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My Thoughts

Chi mikhad beshe? – What is Going to Happen?

“A theocracy whose ideology is premised on sacrifice and martyrdom can only survive as long as its leaders can capitalize on the death of the Iranian people.”


(Photo credit: Arabian Business)

The stiff economic sanctions currently strangling the Iranian economy are certainly causing change. But is it the kind of change we want? The rial is tanking and average Iranians are watching the value of their savings plummet, forgoing luxuries such as red meat and traveling less. This begs the question: if these sanctions won’t bring Iran’s leadership to give up their nuclear ambitions or bring them back to the bargaining table – which seems unlikely – then why is the West maintaining the sanctions? Is this immoral? The Iranian people will suffer the effects of malnutrition and the frustration of not being able to help themselves economically. Their government does not seem to fear a recrudescence of protests that followed the 2009 elections. One must not forget that many Iranians actually support Iran acquiring a nuclear capability.

Thus one must conclude the Iranian government is dead-set on acquiring weaponized uranium. According to the IAEA Iran may in fact be speeding up its nuclear production capability; even if they aren’t the situation still stands much the same. I do not think Iran will immediately build a few bombs and declare war on Israel. The Iranian administration is well aware of Israel’s nuclear arsenal. Remember Iran seems rational when compared to North Korea’s Kim Jong-un. It’s quite possible that Iran is more likely to attempt to blackmail it’s neighbors and other nations for political favorability and economic aid, but this is not guaranteed to work. Nonetheless this could weaken Israel’s position in the Middle East and perhaps force concessions it does not want to make. Israel does not want another nuclear power in the region.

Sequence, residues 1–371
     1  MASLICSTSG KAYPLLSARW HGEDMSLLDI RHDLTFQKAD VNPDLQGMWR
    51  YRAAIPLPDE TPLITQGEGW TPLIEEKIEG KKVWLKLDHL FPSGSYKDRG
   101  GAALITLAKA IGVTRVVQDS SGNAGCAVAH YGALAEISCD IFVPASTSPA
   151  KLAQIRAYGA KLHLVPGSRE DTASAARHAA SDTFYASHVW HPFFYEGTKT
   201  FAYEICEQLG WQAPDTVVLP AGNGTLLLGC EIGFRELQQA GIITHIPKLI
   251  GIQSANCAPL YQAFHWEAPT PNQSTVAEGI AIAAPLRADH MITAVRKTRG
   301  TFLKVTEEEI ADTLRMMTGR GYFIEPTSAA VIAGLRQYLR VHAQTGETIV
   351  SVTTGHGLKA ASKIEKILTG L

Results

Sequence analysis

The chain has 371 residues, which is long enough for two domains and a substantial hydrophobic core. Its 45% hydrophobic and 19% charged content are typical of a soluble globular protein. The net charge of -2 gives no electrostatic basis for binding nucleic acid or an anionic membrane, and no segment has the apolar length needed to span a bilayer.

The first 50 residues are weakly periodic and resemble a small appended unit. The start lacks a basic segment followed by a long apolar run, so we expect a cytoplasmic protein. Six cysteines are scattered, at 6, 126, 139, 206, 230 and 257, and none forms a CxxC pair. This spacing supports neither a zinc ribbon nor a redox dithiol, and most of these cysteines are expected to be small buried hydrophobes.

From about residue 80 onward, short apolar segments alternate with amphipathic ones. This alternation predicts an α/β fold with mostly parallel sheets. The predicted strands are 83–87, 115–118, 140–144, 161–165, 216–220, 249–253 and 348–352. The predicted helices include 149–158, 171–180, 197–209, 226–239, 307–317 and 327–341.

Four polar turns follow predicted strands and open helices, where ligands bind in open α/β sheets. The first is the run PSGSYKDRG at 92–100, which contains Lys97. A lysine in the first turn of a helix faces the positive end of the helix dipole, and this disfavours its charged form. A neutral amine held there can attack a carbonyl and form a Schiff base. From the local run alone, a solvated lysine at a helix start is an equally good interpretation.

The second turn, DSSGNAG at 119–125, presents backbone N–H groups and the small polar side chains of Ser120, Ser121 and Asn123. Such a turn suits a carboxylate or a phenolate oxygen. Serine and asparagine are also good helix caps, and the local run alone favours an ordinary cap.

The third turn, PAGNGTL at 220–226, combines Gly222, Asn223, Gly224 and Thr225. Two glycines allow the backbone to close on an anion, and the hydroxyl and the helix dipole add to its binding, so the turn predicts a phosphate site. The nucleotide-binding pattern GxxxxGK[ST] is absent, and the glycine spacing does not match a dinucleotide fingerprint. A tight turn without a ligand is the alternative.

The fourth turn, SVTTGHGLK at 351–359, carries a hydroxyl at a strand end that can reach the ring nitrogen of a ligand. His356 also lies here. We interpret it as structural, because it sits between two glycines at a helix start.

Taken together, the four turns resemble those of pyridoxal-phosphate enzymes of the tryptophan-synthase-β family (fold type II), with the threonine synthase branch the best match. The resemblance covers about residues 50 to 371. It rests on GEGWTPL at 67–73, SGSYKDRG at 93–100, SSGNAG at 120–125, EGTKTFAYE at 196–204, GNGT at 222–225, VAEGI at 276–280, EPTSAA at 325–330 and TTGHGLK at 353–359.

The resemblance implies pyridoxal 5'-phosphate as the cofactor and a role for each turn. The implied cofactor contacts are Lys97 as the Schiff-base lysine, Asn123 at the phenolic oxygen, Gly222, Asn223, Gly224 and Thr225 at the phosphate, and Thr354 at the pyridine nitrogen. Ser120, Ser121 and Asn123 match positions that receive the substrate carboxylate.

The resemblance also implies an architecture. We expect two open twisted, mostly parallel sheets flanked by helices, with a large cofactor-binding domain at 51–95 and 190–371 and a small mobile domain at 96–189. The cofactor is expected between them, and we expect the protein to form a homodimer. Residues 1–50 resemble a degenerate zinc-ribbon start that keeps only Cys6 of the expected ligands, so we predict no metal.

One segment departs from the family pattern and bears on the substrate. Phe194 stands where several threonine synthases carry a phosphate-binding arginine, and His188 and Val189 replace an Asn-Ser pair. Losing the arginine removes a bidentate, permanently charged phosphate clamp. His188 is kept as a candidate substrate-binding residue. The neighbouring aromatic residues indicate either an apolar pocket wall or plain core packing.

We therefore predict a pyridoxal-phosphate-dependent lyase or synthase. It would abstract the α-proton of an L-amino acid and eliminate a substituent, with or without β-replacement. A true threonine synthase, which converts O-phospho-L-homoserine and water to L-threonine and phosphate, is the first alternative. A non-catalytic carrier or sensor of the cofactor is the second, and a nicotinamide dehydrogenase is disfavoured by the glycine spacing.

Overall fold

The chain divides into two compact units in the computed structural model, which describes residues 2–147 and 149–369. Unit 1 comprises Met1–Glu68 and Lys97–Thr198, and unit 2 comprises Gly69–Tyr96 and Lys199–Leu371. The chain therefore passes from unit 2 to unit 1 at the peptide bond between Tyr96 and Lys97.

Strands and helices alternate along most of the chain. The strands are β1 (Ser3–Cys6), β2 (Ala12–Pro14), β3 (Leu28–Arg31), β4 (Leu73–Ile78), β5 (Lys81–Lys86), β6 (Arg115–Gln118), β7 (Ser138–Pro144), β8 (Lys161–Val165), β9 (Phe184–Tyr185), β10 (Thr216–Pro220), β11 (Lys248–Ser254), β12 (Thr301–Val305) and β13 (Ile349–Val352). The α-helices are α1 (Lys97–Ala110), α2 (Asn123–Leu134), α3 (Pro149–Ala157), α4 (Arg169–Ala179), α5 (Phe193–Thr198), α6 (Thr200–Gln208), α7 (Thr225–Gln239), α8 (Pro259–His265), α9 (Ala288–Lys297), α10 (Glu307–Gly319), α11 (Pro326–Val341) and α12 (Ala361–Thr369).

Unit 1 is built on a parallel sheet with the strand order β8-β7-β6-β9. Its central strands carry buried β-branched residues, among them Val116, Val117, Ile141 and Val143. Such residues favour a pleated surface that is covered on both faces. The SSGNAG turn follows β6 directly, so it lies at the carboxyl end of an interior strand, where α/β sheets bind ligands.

Arab Spring

(Photo credit: Revolutionary Frontlines)

I think we have to consider exactly what an Israeli strike on Iran will do to the Arab Spring. We want these newly liberated countries to seek favorable relations with us. It may be the case that many of these new governments don’t want Iran to have a nuclear capability either. But it is probable that strikes on Iran will inflame anti-American sentiments amongst the newly liberated populations and force these new governments into an anti-Israeli anti-American stance. We must also realize that a strike will only strengthen the hold on power of Iran’s illegitimate government. It is also known that a strike on Iranian nuclear sites would almost certainly cause tens of thousands of civilian deaths. And further still it is unlikely that a strike on Iranian nuclear facilities would prevent Iran from acquiring nuclear capabilities. It would delay them several years at best.